March 23, 2007

Journal to shed light on more drug studies

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C. Michael Stein, M.D., is editing an online journal that will feature the results of drug studies which otherwise might not be published. (photo by Susan Urmy)

Journal to shed light on more drug studies

Vanderbilt's C. Michael Stein, M.D., has been named editor of a new online journal that will report the results of drug studies which otherwise might not be available to scientists or the public.

Archives of Drug Information, a free, open-access, peer-reviewed journal, will publish the results of drug studies, including inconclusive or negative clinical trials, as well as routine drug-interaction and other drug-development studies that usually don't make it into the mainline science journals.

“The pharmaceutical industry is under a lot of pressure to publish information about the studies they perform,” said Stein, professor of Medicine and Pharmacology, and associate director of the Division of Clinical Pharmacology.

“But it's actually very difficult for them to do so because most scientific journals select the highest impact articles for publication, and many of the studies performed in drug development do not have a high scientific priority for medical journals.”

As a result, “whenever there are problems with a drug later on, there are often allegations that information was in some way hidden,” he said.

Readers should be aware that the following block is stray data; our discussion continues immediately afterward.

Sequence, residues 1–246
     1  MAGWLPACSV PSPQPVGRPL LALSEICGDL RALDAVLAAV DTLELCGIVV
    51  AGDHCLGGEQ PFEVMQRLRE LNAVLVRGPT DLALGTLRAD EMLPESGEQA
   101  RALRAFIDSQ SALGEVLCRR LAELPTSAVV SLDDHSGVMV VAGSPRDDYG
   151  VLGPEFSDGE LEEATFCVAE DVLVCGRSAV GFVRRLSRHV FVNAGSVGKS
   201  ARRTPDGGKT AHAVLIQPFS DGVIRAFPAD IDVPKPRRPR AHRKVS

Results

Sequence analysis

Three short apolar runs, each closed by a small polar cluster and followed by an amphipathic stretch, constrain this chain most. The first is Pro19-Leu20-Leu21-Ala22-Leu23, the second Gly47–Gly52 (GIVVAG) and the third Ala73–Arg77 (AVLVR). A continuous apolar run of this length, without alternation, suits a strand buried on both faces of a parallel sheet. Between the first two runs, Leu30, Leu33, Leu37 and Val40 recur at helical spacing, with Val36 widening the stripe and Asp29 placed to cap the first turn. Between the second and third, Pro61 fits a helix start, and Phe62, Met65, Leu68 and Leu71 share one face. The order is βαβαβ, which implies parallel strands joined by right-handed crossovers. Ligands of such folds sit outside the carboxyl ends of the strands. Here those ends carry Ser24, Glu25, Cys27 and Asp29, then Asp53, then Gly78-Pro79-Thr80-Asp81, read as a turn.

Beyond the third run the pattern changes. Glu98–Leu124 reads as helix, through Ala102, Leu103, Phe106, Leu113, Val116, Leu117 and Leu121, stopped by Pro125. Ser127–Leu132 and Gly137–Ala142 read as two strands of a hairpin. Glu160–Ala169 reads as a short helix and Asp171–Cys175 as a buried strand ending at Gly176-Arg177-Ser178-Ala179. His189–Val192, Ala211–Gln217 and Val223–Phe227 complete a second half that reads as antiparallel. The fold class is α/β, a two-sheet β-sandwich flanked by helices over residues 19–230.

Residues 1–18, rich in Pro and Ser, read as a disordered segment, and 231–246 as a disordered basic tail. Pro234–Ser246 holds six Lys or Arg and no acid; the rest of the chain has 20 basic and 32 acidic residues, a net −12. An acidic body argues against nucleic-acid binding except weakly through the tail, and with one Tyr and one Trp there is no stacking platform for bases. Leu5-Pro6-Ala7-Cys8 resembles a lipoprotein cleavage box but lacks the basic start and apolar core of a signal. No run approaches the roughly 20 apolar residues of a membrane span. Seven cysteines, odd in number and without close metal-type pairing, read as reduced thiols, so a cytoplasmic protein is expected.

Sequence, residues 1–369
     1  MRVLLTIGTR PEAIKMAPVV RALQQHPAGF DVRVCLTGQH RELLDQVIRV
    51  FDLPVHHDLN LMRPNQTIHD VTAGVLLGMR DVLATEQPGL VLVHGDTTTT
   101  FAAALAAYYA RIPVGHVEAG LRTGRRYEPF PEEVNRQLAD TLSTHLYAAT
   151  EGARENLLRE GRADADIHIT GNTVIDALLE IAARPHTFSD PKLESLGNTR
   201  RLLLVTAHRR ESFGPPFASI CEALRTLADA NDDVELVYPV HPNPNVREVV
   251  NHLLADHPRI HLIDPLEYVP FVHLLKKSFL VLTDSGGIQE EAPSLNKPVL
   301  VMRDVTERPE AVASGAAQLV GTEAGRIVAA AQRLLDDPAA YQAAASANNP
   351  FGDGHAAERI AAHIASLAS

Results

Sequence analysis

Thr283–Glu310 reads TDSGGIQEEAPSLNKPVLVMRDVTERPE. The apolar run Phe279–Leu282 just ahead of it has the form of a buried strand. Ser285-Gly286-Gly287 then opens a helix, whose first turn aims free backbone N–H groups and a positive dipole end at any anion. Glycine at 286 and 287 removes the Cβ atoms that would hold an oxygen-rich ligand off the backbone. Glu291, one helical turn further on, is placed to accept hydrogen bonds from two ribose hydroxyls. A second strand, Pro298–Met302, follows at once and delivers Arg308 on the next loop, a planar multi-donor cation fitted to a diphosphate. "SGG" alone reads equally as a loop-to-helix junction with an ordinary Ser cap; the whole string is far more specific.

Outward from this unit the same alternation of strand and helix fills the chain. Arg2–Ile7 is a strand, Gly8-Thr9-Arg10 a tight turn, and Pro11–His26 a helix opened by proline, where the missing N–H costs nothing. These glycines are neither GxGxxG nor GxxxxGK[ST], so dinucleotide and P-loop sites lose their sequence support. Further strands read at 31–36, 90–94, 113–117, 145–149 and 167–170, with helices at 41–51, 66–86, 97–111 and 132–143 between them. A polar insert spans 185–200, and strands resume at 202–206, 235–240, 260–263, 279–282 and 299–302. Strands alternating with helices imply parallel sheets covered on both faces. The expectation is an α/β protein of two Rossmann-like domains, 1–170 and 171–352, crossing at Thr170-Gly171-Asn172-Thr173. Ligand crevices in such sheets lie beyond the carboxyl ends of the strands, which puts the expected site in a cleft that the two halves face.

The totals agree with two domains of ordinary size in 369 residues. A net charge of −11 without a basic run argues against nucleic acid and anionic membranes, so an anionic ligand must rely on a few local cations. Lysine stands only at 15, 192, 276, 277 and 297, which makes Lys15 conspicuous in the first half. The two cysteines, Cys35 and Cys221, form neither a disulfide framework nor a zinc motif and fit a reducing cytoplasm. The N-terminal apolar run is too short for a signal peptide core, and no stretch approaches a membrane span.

Archives of Drug Information will provide a scientific home for information that might otherwise languish “on file” in a pharmaceutical company.

The journal also will help protect scientists from unknowingly going down “blind alleys,” or repeating the mistakes of their predecessors, Stein added.

“A company can develop a compound … (and) find it doesn't work or even find toxicity in a small number of people,” he said.

Currently, “that information may never see the light of day if the compound doesn't progress in development.

“So, a few years later another company can easily repeat the same mistakes with a similar compound because the results of that first study are not generally accessible.”

Stein, immediate past editor of Clinical Pharmacology & Therapeutics, a leading medical journal, said he asked Blackwell Publishing Ltd., acquired last year by John Wiley & Sons, to launch a journal that would provide this information free to the public. The company, now known as Wiley-Blackwell, agreed.

In late spring or early summer, the journal will begin publishing studies that have been peer-reviewed to ensure that the methods were valid and the results not biased.

The journal will be free, in that readers and subscribers will not pay, but the authors — usually pharmaceutical companies — will pay a publication fee.

Stein, whose research involves the genetic variability of drug responses, inflammation and atherosclerosis, said that he has collaborated with pharmaceutical companies in scientific studies, but none of his salary support comes from industry.

That, he said, will help ensure the journal's scientific independence.